A leak to ELi of an internal City of East Lansing communication led to us reporting on the resignation of Director of Planning, Building & Development Tom Fehrenbach. Fehrenbach has also been serving as Deputy City Manager, and his departure adds to the turmoil in the city’s leadership. Read the story.

The week started out on a happy note, as ELi reported the sun was out for the first time this year. But then the gloom set back in, and the local mood didn’t lift with Wednesday morning’s announcement from the city, reported by ELi’s Julie Seraphinoff, that East Lansing and Meridian Township residents needed to conserve water due to a water main break. By Thursday afternoon, a successful emergency repair meant area residents no longer had a good excuse not to do the dishes and the laundry.

An ELi reader Carol wrote in about our keeping people informed about the water emergency: “I sincerely appreciate the work ELI does and quite frankly, I get quicker alerts and depth of analysis that other news media don't seem to care about!” We thanked Carol and reminded her that those alerts and deep analysis are made possible by ELi supporters like her.

Also of note this week:

A team of four East Lansing High School journalists brought the story to the Portrait this week about an incident that occurred Wednesday at the East Lansing Public Library. A confrontation resulted in the library director apologizing to a Black teen wrongly accused of having started a fire in October. Read the developing story at Portrait.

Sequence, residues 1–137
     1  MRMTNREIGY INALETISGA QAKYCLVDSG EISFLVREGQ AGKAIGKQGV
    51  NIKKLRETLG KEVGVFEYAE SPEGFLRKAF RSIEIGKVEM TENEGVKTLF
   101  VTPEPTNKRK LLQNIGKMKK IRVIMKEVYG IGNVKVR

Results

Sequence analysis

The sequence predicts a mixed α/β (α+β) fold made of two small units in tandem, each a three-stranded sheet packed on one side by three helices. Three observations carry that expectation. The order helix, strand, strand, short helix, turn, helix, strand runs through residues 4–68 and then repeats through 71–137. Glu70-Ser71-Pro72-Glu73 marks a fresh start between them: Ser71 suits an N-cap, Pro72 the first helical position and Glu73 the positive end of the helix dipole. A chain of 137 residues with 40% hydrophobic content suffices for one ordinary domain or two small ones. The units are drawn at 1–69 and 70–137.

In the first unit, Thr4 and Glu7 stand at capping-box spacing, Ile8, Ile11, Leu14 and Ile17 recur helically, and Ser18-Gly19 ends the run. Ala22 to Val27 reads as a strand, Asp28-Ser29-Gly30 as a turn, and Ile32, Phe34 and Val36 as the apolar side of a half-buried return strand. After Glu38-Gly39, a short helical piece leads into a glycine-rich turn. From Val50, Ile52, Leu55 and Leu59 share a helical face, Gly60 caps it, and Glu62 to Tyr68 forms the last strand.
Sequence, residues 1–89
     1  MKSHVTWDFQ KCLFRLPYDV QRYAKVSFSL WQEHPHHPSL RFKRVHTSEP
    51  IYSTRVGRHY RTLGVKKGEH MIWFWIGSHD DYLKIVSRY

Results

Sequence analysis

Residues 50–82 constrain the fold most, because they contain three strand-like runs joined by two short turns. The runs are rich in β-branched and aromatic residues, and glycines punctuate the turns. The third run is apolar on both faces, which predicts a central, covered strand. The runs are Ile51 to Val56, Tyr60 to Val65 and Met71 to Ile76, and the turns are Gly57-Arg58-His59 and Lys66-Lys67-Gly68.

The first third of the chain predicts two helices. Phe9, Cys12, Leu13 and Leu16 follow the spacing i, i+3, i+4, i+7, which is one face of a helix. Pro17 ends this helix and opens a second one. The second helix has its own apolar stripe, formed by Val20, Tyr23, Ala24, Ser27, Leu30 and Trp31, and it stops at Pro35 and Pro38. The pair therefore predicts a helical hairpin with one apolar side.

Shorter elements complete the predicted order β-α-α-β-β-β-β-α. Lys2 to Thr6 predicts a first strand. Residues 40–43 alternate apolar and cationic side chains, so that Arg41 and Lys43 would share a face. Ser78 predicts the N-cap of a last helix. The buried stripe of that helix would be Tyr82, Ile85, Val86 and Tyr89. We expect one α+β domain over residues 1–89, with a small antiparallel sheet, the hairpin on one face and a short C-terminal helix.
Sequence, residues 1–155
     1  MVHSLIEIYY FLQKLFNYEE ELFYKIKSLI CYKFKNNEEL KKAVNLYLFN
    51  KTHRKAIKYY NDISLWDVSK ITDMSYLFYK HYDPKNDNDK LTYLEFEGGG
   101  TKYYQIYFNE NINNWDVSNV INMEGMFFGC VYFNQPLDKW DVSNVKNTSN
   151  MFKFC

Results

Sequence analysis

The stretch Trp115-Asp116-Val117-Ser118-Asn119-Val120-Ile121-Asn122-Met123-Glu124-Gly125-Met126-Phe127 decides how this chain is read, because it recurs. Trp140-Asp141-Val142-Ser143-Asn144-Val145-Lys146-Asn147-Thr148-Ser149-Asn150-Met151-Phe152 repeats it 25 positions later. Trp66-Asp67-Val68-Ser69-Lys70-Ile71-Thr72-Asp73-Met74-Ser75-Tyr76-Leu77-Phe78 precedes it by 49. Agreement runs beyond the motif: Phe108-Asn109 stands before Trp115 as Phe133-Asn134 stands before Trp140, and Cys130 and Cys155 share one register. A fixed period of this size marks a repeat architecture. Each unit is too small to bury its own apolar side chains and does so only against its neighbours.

WKAR radio reporter Arjun Thakkar interviewed ELi’s Alice Dreger about the Downtown Development Authority’s Evergreen Properties and the decision to again refinance the $5 million bond related to the purchase of those properties. Hear the conversation.

City Attorney Tony Chubb issued a notice on small-cell towers being built around East Lansing, confirming earlier reporting by ELi’s Luke Day.

Coming up around town:

Volunteer law students, attorneys and notaries are gearing up to help people erase old, nonviolent convictions from their public records. Today, ELi’s Al Hargrave-Jackson brings us a special report on an expungement fair happening next Saturday, Jan. 21, at the Breslin Center. Find out how you can register now for free legal help.

Expungement fair organizers Breia Lassiter, Audrea Dakho, Sam Weiser and Alex Padla. Courtesy photo

Motorists and bicyclists are advised that upcoming construction at the Merritt Road-Haslett Road intersection will require road and lane closures in the vicinity starting on Monday, Jan. 16. Read more.

The Broad Art Museum is offering a free DIY journal-making program tomorrow, Jan. 15, from 2-4 p.m. “We’ll be creating journals to help you focus and reflect on your homes, dreams, and anxieties.” Check it out.

The East Lansing School District’s calendar is showing three upcoming meetings this week: The school board’s Academic and Tech Committee will meet on Wednesday, Jan. 18, at 1 p.m. and the board’s Policy Committee will meet the same day at 4 p.m. The Sex Education Advisory Board will meet Thursday, Jan. 19, at 6:30 p.m. All of these meetings will take place in the Board Room of East Lansing High School.

As always, you can find the schedule of upcoming City of East Lansing government meetings at this portal. Agendas are typically posted there a couple of days before a meeting.

Check out what’s coming up at the public library by clicking here.